Fancy a relaxing spa day in Budapest? Gellért Bath is the perfect place with Turkish heritage and modern facilities for a soothing experience.
Stretching above a bunch of valuable mineral springs, Budapest is often called the spa city. The healing powers of these springs have been praised ever since the Roman times, then the Turkish occupation of Hungary, to this today. The past few decades have witnessed an exceptionally increasing interest in spa culture in Budapest from locals and tourists alike. Among the 4-5 most prominent thermal baths in Budapest, Gellért Bath is a distinguished one. Some even say that it rivals its most famous counterpart, Széchenyi Bath. Located between Gellért hill and Liberty Bridge on the Buda side of the city, Gellért Bath is part of the prestigious Hotel Gellért but also operates separately as a thermal spa. Its rich Turkish heritage, as well as countless healing and relaxing facilities make it worth a visit during your stay in Budapest, be it any time of the year. Before directing you to the pools, we will show you the most important bits and pieces of Gellért Bath. Let’s dive right in!
The miraculous springs of the prestigious Gellért Thermal Bath and Swimming Pool (or in short, Gellért Bath) were already recorded in the 15th century. Back in the day, when it was called Sárosfürdő (Mud bath), the Turkish lords used the healing waters to stay refreshed and healthy.
Slightly delayed by WWI, Thermal Hotel Gellért opened its doors in 1918 as the very first luxury hotel in Budapest with all the luxury of the early 20th century. Besides the glamorously furnished and decorated rooms, a spa complex and a hospital wing also belonged to the hotel. Over the past century, countless iconic figures have stayed in Hotel Gellért from American presidents to members of European royal families.
Built to shine at the foot of Gellért Hill, the glorious building is still one of the main landmarks of the Gellért Hill area. The façade boasts a sufficient amount of marble and porcelain, but the building’s interior exceeds its outer looks by far. The original stained-glass windows create a mysterious atmosphere, the wooden structure in the dressing rooms, and the Zsolnay ornamental ceramics all contribute to the enchanting look and feel of the bath.
In its original design, the bath complex only included indoor pools. The addition of outdoor facilities and other services took places in a series of developments during the 20th century. One of the most prominent of these happened in 1927: the world’s first wave pool got built as part of the Gellért Bath, a feature of a major significance still today. A new whirlpool bath was added almost a decade later in 1934. By now, the complex merges the historical heritage with the luxuries of modern technology for a soothing experience.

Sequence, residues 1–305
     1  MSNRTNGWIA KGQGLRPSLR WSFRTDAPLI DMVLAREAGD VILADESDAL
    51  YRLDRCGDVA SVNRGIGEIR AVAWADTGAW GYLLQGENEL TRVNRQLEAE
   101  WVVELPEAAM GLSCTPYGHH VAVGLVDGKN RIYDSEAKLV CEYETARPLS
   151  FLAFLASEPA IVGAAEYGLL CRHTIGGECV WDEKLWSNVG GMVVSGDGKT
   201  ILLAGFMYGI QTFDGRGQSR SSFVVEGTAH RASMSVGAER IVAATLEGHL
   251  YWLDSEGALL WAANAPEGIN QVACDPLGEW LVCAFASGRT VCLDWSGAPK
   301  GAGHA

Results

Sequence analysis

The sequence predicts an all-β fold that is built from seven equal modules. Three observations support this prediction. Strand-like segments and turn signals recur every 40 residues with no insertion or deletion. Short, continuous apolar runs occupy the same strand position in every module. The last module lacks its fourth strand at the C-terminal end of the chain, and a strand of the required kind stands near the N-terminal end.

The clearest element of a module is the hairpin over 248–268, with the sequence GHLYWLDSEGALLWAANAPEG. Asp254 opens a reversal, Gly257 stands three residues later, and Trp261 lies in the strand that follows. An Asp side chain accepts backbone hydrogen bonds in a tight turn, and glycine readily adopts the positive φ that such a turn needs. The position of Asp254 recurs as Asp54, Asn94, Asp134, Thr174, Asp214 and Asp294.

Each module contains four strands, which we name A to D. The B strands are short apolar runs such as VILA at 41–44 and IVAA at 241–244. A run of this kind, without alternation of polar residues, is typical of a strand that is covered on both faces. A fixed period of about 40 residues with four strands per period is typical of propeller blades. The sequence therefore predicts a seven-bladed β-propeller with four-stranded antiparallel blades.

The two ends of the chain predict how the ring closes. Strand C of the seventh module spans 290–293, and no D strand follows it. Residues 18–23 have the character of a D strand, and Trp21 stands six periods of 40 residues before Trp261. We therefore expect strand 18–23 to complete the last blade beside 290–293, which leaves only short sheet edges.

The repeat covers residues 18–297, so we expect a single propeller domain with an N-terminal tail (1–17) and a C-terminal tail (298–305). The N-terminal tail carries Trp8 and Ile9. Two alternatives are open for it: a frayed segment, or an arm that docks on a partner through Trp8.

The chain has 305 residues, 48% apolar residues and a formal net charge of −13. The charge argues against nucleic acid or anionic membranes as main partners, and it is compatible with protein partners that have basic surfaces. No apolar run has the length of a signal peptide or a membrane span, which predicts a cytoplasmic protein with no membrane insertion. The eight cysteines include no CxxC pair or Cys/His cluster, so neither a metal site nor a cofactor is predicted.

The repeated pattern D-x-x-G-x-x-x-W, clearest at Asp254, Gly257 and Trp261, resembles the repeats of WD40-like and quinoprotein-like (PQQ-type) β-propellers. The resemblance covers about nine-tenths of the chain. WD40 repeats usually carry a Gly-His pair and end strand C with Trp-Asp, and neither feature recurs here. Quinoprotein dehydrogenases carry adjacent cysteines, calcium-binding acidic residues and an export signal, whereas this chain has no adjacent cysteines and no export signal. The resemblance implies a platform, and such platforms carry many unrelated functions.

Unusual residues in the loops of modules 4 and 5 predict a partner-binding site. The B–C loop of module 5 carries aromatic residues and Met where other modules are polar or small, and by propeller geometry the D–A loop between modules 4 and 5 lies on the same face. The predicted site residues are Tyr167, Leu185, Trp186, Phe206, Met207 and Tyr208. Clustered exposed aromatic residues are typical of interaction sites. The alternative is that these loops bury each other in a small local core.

Thanks to its all-inclusive services, Gellért Bath is open all year round. During summertime, you can easily spend a whole day chilling by the outdoor pools and the surrounding elegant sunbathing terrace. The lush vegetation of the inside garden also offers relaxation in the shades.
Yet, no matter how welcoming the outdoor areas are during the hot summer days, the thermal spa culture in Budapest is ultimately a winter one. Imagine diving in a hot pool with some 36°C water temperature and then trying the sauna and the steam cabin in the coldest of winter after exploring the city. It definitely has to get to the top of your tourist to-do list if you are visiting Budapest during winter. In some of the thermal baths, like Gellért and Széchenyi, you can even enjoy the healing touch of the hot water in the outside pools – with the snow gently falling over your head, if you are lucky.
For those looking for more than a few relaxing hours in the hot springs, the spa complex also offers medical treatments and several types of refreshing massages.
Since thermal spas are must-see attractions in Budapest, especially during winter, the most famous ones can easily get crowded both at the entrance and in the pools. If you want to avoid queueing at the cashier or being elbow-to-elbow with strangers in the water, go early in the morning. Alternatively, you can also explore some lesser-known and smaller thermal baths, like Veli Bej.
To enter Gellért Bath, you can buy your tickets from the cashier at the entrance or online. We recommend securing it in advance online for two reasons. First, with a ticket at hand, you can simply jump over the queue at the cashier, and second, you can use the extra time to enjoy other services of the spa, like massages or beauty treatments. If you fancy such activities, make sure to also book appointments in advance.